An Introduction to Irfan
Ghaybah is a state of unawareness of creation that occasionally descends upon the 'arif, in which he forgets himself and his surroundings. The 'arif becomes unaware of himself due to his presence (hudur) before God. In the words of a poet:
I am not so occupied with you, O of heavenly face,
In this state of 'presence' with God and 'absence' from himself and his surroundings, it is possible that important occurrences take place around him without his becoming aware of them. In this connection the 'urafa' have many famous stories. Qushayri writes that Abu Hafs al-Haddad of Nishabur left his trade as a blacksmith because of one incident. Once as he was busy working in his shop, someone recited a verse of the Holy Quran. This put al-Haddad in a state that rendered him totally heedless of his sensible surroundings. Without realizing it he removed a piece of red-hot iron from the furnace with his bare hand. His apprentice cried out to him and he returned to his senses. Thereupon he gave up that trade.
Qushayri also writes that al Shibli once came to see Junayd while Junayd's wife was also sitting there. Junayd's wife made a movement as if to leave, but Junayd stopped her saying that al-Shibli was in a 'state', and heedless of her. She sat a while. Junayd conversed with al-Shibli for some time until al Shibli slowly began to cry. Junayd then turned to his wife telling her to veil herself for al-Shibli was returning to his senses.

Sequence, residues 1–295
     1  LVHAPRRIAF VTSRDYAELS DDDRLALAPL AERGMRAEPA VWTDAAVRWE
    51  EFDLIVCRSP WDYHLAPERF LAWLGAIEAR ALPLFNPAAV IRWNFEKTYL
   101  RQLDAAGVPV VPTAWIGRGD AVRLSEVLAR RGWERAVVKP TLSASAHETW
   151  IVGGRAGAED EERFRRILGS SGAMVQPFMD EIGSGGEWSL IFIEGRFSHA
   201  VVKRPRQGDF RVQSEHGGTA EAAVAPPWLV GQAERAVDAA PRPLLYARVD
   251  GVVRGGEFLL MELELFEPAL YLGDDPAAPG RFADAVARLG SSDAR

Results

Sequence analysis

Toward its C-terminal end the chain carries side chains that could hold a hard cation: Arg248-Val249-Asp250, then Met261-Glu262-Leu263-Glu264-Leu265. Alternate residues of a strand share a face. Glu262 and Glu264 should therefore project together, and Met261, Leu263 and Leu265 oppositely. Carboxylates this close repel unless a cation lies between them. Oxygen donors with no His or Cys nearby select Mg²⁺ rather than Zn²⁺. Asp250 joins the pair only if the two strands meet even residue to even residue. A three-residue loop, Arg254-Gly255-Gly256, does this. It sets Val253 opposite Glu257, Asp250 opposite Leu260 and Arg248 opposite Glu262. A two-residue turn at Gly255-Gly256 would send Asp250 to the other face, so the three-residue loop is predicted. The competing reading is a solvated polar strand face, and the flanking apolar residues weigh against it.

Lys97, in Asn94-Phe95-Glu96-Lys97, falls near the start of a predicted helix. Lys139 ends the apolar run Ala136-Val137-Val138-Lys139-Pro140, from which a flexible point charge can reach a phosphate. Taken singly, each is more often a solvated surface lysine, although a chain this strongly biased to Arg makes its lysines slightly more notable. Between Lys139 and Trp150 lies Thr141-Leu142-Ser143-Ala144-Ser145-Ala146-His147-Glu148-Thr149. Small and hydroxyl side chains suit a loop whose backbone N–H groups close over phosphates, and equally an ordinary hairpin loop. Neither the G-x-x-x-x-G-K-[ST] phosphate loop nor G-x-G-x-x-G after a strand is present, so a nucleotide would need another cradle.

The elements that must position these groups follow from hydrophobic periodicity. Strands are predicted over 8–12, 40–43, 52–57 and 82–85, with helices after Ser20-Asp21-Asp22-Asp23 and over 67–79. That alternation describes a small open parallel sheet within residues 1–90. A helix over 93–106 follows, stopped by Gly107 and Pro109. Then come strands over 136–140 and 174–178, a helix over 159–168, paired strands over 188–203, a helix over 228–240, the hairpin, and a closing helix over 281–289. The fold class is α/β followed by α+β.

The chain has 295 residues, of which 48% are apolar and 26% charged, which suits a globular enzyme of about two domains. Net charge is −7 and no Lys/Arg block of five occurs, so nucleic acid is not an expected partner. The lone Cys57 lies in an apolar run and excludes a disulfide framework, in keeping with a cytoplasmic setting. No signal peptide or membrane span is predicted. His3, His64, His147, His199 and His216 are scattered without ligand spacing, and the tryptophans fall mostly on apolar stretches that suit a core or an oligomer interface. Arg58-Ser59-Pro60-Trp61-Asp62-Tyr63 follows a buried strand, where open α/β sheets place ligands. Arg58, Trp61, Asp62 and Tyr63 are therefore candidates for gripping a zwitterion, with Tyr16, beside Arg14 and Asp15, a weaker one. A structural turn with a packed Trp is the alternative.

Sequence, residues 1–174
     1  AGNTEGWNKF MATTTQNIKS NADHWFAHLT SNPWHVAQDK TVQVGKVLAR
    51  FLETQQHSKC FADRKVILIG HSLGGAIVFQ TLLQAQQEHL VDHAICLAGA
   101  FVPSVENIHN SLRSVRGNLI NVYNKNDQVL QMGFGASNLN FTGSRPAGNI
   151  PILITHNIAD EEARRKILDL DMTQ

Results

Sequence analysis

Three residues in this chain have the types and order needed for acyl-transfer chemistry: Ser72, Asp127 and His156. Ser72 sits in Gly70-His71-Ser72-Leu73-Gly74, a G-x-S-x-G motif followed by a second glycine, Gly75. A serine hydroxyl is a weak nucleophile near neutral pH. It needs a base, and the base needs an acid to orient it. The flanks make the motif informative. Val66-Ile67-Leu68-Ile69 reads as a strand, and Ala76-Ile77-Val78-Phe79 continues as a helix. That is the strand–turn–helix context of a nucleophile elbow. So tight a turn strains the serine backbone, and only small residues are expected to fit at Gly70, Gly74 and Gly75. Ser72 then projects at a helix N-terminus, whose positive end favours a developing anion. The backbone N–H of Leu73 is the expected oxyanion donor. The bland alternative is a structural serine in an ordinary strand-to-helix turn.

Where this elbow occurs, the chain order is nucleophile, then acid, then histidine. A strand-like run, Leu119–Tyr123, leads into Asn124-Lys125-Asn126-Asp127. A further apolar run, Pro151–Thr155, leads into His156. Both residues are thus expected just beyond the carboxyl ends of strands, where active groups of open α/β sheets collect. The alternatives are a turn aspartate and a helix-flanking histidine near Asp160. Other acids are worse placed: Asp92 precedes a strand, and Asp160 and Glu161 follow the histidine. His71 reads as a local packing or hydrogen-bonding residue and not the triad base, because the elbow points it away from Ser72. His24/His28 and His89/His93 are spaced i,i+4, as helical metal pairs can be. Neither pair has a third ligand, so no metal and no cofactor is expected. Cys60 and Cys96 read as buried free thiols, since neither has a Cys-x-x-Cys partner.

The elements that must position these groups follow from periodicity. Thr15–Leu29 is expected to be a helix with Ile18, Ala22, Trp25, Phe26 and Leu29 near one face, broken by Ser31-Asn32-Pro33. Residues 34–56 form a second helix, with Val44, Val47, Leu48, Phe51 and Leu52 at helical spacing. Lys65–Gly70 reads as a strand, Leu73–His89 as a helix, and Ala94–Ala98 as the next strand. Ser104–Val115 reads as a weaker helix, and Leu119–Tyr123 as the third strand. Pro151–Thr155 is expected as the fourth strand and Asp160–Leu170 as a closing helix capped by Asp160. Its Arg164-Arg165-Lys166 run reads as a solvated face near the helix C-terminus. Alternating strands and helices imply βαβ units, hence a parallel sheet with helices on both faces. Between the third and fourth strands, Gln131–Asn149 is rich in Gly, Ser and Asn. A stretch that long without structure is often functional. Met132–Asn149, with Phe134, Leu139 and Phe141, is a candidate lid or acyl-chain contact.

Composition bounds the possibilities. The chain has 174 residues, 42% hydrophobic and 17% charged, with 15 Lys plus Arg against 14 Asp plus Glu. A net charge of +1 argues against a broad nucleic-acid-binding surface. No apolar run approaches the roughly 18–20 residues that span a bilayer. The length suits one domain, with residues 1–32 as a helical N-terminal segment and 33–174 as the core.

As every report that I heard has led to perplexity,
It is along these lines that the 'urafa' explain the states of the awliya' during their prayers, in which they became totally heedless of themselves and of their surroundings. Later we shall see that there is a level higher than 'absence', and it was this that the awliya' were subject to.
10,11,12 & 13. Dhawq, Shurb, Sukr and Riyy:
The 'urafa' believe that mere conceptual knowledge of anything has no attraction; the attractiveness of a thing and the ability to inspire passion is subsequent to 'tasting'. At the end of the eighth section of his al-'Isharat Ibn Sina mentions this; he gives the example of a man who is impotent. He says that however much one may describe sexual pleasure to a person devoid of the sexual instinct, who has never had the taste of this pleasure, he will never be sexually aroused. Thus dhawq is the tasting of pleasure. In the terminology of 'irfan it means the actual perception of the pleasure derived from manifestations (tajalliyat) and revelations (mukashafat). Dhawq is the beginning of this, its continuance is called shurb (drinking), its joy sukr (intoxication) and being satiated with it riyy (thirst-quenching).
The 'urafa' are of the view that whatever is derived from dhawq is 'an appearance of intoxication' (tasakur) and not 'intoxication' (sukr) itself. Intoxication, they say, is obtained from 'drinking' (shurb). That which is obtained by 'becoming quenched' (riyy) is 'sobriety' (sahw), or the return to the senses.